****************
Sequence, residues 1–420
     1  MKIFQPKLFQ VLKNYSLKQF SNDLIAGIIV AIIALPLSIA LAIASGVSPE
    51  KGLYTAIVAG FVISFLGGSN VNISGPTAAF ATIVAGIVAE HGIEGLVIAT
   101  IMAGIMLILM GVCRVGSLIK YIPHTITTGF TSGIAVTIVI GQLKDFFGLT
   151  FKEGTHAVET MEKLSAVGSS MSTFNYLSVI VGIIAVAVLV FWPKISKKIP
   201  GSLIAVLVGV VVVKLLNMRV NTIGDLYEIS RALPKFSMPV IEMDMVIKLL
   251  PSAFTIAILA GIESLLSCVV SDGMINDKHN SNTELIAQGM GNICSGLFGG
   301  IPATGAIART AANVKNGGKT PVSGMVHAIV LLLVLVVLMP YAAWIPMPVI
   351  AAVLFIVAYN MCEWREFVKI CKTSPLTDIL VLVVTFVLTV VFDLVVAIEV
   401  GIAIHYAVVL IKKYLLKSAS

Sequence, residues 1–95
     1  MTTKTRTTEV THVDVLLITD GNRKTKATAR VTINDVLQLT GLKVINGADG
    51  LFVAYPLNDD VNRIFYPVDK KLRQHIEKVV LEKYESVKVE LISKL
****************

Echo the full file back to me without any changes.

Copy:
Sequence, residues 1–420
     1  MKIFQPKLFQ VLKNYSLKQF SNDLIAGIIV AIIALPLSIA LAIASGVSPE
    51  KGLYTAIVAG FVISFLGGSN VNISGPTAAF ATIVAGIVAE HGIEGLVIAT
   101  IMAGIMLILM GVCRVGSLIK YIPHTITTGF TSGIAVTIVI GQLKDFFGLT
   151  FKEGTHAVET MEKLSAVGSS MSTFNYLSVI VGIIAVAVLV FWPKISKKIP
   201  GSLIAVLVGV VVVKLLNMRV NTIGDLYEIS RALPKFSMPV IEMDMVIKLL
   251  PSAFTIAILA GIESLLSCVV SDGMINDKHN SNTELIAQGM GNICSGLFGG
   301  IPATGAIART AANVKNGGKT PVSGMVHAIV LLLVLVVLMP YAAWIPMPVI
   351  AAVLFIVAYN MCEWREFVKI CKTSPLTDIL VLVVTFVLTV VFDLVVAIEV
   401  GIAIHYAVVL IKKYLLKSAS

Sequence, residues 1–95
     1  MTTKTRTTEV THVDVLLITD GNRKTKATAR VTINDVLQLT GLKVINGADG
    51  LFVAYPLNDD VNRIFYPVDK KLRQHIEKVV LEKYESVKVE LISKL